It was his first Daytona 500, in 1984, when he walked in as brand new team owner and gulped at the sight of established giants.
“It felt like I didn’t deserve to be there,” Hendrick said Thursday. “I shouldn’t be there, with the Wood Brothers and Junior Johnson, those guys, that won 200 races, 212.
“Then somebody told me this morning we’ve led 58,000 laps. I thought, that means you’re an old man.”
Old, maybe, but hardly fading in relevance. As of Thursday, Hendrick became that rare sports figure to reach Hall of Fame induction while still at the peak of relevance in his sport.
His Thursday included an International Motorsports Hall of Fame luncheon in Oxford and evening induction in at Talladega Superspeedway, along with former NASCAR driver Rusty Wallace, former crew chief Dale Inman and National Hot Rod Association legend Don Schumacher.
Hendrick will spend the rest of his weekend like he spends most weekends, as the owner with the most modern-era victories, running race operations for NASCAR’s most relevant modern-era team.
Hendrick Motorsports drivers Jimmie Johnson, Kasey Kahne and Dale Earnhardt rank among the top five in Sprint Cup points headed into Sunday’s Aaron’s 499 at Talladega. Four-time series champion Jeff Gordon is 14th in points but a Hall of Famer in waiting.
Johnson and Gordon have combined to win nine of Hendrick’s 10 Cup championships. Johnson won a record five in a row and leads this season’s points standings.
Counting the Nationwide and Camping World Truck Series, Hendrick drivers have won 14 titles — and counting.
“I’m not ready to retire,” the 63-year-old Hendrick told reporters at Thursday’s IMHoF luncheon.
Why would he, with a shop that has the talent and finances to stay on top for the foreseeable future?
Hendrick built it, from five employees to more than 500 working in a 430,000-square-foot shop. His operation stretches over two North Carolina counties.
He is well set up to face the modern challenges of team ownership in NASCAR.
“Your challenges are always, because the competition is so fierce, is to stay abreast of things that are happening and changing,” he said, “and make sure that you’ve got the talent in your organization to compete, whether it’s engineering or crew chiefs and then drivers.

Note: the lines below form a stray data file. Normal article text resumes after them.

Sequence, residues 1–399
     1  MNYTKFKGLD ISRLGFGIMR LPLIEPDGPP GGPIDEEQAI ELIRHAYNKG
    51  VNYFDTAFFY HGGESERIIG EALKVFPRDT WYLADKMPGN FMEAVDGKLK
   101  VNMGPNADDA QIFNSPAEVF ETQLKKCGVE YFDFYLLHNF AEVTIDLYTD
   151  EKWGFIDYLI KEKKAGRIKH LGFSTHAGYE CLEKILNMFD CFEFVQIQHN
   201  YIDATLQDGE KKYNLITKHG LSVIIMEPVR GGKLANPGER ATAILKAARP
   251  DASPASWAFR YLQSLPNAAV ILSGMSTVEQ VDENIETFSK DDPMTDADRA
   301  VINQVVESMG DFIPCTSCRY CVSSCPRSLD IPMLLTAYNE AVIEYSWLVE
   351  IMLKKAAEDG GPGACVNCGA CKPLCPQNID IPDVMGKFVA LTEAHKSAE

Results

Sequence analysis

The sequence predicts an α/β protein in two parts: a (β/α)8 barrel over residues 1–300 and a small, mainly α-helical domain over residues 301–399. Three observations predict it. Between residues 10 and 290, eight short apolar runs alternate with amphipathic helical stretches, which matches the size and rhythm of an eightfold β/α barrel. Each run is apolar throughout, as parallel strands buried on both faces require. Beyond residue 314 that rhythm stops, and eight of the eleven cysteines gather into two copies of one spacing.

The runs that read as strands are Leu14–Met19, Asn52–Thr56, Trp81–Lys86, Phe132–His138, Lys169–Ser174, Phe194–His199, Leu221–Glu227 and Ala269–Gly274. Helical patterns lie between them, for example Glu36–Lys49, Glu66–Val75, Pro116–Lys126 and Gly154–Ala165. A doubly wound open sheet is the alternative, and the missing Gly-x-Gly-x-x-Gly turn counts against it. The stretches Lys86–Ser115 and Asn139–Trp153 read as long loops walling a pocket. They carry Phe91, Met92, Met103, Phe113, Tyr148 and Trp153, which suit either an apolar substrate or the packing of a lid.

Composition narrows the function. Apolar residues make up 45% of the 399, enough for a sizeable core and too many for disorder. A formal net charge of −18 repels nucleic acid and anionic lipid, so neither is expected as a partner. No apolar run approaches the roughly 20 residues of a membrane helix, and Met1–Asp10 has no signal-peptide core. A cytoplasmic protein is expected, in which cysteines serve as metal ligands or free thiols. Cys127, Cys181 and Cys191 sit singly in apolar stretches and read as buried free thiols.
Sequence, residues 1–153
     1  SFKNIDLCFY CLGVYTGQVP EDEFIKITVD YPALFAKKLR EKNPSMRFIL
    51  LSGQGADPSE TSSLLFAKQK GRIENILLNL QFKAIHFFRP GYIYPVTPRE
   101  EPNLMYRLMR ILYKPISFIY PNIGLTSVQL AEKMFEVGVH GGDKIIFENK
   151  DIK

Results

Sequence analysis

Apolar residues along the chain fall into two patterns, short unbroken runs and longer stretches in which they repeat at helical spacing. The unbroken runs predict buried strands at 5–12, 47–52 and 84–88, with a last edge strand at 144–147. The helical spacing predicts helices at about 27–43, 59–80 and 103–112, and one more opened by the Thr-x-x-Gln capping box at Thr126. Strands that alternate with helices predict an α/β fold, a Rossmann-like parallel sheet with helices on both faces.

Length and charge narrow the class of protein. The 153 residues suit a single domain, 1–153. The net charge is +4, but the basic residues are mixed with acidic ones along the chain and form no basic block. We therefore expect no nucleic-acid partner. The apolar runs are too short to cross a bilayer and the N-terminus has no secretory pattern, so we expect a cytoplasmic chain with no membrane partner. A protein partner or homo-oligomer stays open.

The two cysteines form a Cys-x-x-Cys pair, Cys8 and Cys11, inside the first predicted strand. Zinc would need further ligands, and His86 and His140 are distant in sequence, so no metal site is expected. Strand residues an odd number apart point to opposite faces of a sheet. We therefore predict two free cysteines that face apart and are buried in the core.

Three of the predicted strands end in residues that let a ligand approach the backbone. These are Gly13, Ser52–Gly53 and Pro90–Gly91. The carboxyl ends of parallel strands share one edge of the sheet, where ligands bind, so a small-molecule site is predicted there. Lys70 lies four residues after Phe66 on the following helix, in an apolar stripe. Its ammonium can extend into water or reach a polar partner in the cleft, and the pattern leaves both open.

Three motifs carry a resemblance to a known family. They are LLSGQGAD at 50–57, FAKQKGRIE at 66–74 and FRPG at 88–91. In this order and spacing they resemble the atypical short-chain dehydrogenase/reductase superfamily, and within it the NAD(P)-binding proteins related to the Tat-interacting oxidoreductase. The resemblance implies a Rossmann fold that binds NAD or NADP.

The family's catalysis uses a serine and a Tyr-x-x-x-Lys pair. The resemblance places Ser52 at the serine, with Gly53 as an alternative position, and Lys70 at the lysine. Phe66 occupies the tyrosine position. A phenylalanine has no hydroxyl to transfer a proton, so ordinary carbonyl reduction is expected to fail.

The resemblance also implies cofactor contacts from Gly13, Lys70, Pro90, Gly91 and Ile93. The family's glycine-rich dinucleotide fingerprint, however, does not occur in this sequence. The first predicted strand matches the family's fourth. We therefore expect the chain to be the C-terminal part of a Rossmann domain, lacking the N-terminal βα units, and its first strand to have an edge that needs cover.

“You’ve got to believe your drivers are as good as the rest of them, and you’ve got to give them equipment as good as the rest of them and pit crews. It’s just staying on the forefront of competition.”
This year, that’s meant making the quick transition to NASCAR’s new Gen-6 car.
“We always have some change, just not normally this radical,” Hendrick said.
The initial transition involved investment. Hendrick’s team had to cut the old bodies off more than 40 cars and install new ones.
“It was a huge expense and a huge amount of time,” Hendrick said. “Time is money, when you’ve got guys working seven days a week and two shifts to build the cars, and then you build them fast.
“You don’t have the time to massage them that you’d like to.”
Like all NASCAR teams, Hendrick’s has spent the season perfecting the cars after tests on various kinds of tracks. Along the way, Hendrick drivers have won three races this season.
Only Joe Gibbs Racing drivers have more with four.
Hendrick, who also owns Hendrick Automotive Group, likes that the new cars more closely match the appearance of cars the public can buy. It helps him sell Chevys.
He also likes that the Gen-6 cars “race close,” meaning driver talent becomes more important. He has a talented roster.
“You’ve got to have good pit stops, and you’ve got to have a crew chief that knows how to call a race,” Hendrick said. “Then, you’ve got to have a guy talented to drive the car.
“I always like to think I’ve got guys that, if you can get them even, they can handle the rest.”
Hendrick has the guys that help him stay at or ahead of the curve. His eye for talent and knowledge of cars have kept him at peak relevance, right into his Hall induction and what lies beyond.
No one questions that he belongs, and now he gets congratulatory calls from those former giants of the sport.
“This morning, Junior Johnson called me,” Hendrick said. “We’re friends, and he was one of the first ones inducted here.
“He was telling me about what he did that day. I really enjoyed talking to him.”
Sports Columnist Joe Medley: 256-235-3576. On Twitter @jmedley_star.